Words + Photos by Antonio.
“I remember I was talking to this lady,” Blaqstarr recalls, “and she was like ‘hey young man, you’re very handsome.’ I said thank you miss, I appreciate that, but don’t call me anything, called me everything.”
When I first met Blaqstarr, I couldn’t believe I was meeting one of my favorite artists ever. At just 29-years-old, the legendary DJ, producer, singer, and songwriter’s catalog runs deep: from Baltimore club anthems such as “Hands Up, Thumbs Down” and “Ryda Girl,” to Rye Rye’s hit “Shake It to the Ground,” and serving as a prominent collaborator on M.I.A.’s Kala album.
Blaqstarr broke just as many conventions for club music as he created. Fierce, but ethereal, chants in songs such as “Tote It” and “Slide to the Left” are really instructions to enter a rhythmic catharsis. The final products are often deceivingly complex. The instantly recognizable drum patterns guide listeners through patterns of sound that enter, leave and re-enter again. Like a swan crafted from a single sheet of bright origami paper, each track disguises the precise manipulation of the material. Unraveling each song reveals the sheer number of folds, creases, and fingerprints that comprise their own story.
Before his event “Blaq to the Future” began (where he not only performed, but made his famous chicken and waffles), Blaqstarr discusses his early career throwing parties in Baltimore, meeting and working with M.I.A. and his transition into an entirely new sound.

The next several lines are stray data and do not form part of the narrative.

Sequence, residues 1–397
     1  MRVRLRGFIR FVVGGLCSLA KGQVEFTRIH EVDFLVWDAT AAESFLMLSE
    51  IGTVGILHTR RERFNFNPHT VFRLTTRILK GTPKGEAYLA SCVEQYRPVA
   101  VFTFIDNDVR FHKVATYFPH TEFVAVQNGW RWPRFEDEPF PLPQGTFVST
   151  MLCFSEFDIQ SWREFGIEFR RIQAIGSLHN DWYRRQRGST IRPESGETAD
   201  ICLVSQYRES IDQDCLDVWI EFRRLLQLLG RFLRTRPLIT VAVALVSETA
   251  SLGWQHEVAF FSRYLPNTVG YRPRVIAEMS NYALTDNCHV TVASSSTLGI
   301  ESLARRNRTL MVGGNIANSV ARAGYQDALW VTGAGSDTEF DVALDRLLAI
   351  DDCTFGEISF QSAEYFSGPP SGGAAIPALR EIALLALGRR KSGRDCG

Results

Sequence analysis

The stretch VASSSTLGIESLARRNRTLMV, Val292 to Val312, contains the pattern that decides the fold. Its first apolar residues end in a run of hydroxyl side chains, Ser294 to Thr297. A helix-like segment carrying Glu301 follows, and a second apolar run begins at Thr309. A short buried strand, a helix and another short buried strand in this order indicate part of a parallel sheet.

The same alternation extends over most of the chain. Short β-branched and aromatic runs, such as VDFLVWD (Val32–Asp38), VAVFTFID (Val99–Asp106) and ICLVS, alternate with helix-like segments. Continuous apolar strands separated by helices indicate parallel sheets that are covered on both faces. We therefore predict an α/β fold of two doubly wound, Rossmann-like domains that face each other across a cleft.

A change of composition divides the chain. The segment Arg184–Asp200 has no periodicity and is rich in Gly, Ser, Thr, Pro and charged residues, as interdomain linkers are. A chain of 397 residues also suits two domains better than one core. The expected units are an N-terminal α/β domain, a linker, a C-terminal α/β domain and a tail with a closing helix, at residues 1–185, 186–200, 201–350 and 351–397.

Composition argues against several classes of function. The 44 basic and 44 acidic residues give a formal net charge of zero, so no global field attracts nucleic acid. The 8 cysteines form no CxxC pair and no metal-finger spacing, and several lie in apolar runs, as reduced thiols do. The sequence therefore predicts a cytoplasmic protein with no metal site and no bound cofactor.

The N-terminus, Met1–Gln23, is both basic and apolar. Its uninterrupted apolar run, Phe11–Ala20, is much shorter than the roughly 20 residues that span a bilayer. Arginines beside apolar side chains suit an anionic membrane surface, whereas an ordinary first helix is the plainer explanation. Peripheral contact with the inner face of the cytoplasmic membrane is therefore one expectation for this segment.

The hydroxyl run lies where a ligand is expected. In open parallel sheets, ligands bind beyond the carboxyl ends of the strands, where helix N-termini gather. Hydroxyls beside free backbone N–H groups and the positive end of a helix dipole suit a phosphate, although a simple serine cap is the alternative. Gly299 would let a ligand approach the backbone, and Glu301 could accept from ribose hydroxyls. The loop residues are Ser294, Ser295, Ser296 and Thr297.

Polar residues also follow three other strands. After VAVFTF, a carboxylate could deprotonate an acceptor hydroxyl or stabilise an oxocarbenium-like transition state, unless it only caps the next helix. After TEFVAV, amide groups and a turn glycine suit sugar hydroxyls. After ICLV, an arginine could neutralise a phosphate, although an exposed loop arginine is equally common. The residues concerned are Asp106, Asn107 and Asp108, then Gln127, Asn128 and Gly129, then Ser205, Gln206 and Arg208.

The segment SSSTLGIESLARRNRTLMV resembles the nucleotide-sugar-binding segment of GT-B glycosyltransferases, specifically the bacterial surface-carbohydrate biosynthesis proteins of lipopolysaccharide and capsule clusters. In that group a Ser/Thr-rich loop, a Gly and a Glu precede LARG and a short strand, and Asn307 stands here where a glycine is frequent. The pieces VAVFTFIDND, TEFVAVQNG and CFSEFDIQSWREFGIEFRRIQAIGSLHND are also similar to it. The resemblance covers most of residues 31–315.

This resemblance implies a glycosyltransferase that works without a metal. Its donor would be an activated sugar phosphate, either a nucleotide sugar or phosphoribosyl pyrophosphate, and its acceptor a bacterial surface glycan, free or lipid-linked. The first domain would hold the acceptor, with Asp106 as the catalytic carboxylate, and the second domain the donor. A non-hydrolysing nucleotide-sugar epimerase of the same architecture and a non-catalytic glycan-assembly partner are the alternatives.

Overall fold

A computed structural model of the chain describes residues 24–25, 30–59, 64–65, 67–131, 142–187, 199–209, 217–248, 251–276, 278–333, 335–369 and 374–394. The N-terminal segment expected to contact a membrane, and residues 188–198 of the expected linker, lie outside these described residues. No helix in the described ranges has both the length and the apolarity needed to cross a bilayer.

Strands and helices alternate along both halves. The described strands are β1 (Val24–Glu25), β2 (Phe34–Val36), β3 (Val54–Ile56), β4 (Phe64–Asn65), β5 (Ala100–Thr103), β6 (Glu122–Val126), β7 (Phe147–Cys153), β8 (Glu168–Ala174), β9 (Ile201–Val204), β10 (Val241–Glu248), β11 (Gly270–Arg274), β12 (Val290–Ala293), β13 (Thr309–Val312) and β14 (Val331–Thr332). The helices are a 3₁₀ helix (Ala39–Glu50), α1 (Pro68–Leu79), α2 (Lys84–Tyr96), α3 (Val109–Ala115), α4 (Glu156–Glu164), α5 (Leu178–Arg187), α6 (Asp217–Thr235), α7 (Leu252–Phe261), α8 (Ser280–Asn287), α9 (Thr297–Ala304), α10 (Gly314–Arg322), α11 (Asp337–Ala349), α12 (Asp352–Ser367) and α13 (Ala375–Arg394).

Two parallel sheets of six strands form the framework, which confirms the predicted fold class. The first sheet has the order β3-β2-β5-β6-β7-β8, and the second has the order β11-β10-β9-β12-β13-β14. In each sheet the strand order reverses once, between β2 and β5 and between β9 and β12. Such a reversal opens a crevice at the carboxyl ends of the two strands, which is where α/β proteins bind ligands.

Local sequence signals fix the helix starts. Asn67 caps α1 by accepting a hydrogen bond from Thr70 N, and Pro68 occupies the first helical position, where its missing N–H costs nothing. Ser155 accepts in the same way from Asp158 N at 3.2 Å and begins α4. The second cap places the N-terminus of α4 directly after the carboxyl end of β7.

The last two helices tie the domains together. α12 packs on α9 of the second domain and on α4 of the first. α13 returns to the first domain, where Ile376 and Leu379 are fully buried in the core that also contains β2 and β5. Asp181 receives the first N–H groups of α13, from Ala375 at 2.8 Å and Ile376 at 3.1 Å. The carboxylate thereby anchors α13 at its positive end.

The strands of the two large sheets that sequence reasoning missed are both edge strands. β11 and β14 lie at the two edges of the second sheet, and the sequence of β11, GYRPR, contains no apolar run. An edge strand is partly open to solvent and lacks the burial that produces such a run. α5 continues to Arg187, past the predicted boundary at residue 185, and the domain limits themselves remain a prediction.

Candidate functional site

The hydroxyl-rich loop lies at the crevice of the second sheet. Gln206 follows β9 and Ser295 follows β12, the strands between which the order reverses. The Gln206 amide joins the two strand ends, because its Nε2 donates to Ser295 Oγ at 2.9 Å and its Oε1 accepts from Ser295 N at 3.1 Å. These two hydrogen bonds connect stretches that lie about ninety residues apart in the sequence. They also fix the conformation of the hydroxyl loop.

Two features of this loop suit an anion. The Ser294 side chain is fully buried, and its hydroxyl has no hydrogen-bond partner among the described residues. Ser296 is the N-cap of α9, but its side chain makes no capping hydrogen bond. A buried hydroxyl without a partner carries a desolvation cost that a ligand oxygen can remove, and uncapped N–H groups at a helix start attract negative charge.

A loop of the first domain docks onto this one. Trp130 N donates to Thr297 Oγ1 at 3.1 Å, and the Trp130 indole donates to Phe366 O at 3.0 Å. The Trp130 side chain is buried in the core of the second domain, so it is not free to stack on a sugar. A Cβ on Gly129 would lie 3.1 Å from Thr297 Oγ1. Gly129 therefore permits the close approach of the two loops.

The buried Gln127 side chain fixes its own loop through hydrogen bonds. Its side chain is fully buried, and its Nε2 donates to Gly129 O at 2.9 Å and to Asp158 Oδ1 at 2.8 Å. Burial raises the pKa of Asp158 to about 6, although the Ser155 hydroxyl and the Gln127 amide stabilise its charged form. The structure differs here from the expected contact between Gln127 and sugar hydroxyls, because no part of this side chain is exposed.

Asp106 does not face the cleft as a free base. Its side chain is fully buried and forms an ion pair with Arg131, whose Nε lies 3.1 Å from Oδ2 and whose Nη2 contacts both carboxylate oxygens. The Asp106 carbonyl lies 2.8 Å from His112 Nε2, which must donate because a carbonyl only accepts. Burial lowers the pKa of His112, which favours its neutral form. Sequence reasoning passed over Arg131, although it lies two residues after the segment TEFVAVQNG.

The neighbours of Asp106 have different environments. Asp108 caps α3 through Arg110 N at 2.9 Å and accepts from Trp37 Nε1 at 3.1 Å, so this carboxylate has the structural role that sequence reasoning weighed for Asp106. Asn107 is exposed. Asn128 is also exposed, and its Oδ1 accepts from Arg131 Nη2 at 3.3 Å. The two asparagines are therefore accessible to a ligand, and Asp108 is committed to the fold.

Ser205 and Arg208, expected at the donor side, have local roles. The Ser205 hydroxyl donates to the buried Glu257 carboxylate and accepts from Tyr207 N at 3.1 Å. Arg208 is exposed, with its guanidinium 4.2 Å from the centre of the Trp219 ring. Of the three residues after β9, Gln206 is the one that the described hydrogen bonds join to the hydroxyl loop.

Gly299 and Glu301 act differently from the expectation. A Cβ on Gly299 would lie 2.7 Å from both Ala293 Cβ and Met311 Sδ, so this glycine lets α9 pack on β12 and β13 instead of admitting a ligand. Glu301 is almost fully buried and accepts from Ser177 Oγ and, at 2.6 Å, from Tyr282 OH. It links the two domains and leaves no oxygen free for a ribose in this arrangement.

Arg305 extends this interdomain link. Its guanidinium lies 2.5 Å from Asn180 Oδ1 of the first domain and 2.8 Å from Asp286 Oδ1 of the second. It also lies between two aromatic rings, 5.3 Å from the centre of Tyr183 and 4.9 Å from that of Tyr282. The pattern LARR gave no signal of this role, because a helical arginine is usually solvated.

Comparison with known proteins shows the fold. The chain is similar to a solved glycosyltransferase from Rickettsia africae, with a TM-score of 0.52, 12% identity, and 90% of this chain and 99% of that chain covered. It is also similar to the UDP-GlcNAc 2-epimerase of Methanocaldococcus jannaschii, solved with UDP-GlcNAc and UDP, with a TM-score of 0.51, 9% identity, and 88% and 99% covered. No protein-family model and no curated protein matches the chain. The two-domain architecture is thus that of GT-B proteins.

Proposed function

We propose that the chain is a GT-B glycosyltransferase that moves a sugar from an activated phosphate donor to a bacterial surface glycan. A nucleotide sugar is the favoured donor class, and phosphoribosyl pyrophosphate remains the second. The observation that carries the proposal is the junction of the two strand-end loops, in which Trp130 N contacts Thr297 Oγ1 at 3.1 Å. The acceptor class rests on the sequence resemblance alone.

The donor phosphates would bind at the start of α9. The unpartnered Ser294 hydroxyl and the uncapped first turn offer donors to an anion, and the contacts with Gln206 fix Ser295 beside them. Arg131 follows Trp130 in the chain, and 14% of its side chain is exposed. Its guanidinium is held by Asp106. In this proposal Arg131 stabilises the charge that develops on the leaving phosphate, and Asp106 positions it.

Q: My introduction to Blaqstarr was Ryda Girl. That was 2006, I had just moved to Towson for school and it was still going crazy all over the radio. Describe what you were trying to do with some of those first songs, Ryda Girl, Tote It, Hands Up.
BLAQSTARR: When I first started I was servicing a group of kids that used to come down to my parties, that I used to throw weekly. I used to do it on a Monday. We’d have to find a spot because the following weekend was probably booked at the last spot we had, so each Monday we found a new rec center for the kids to come to.
“It grew to a crowd of about 500 kids that used to come. The fire marshal and police had to come shut it down”
I was playing the tracks that every DJ would play: the mainstream music and the local producer club tracks. It was outside of everything that was going on. These were the kids that weren’t old enough to get into Hammerjacks or the Paradox, and they were right on that verge being able to be able to get into clubs. It grew to a crowd of about 500 kids that used to come. The fire marshal and police had to come shut it down, until I graduated to the stage I had to be put on to bill for Hammerjacks, the Paradox, and with the big-name DJs.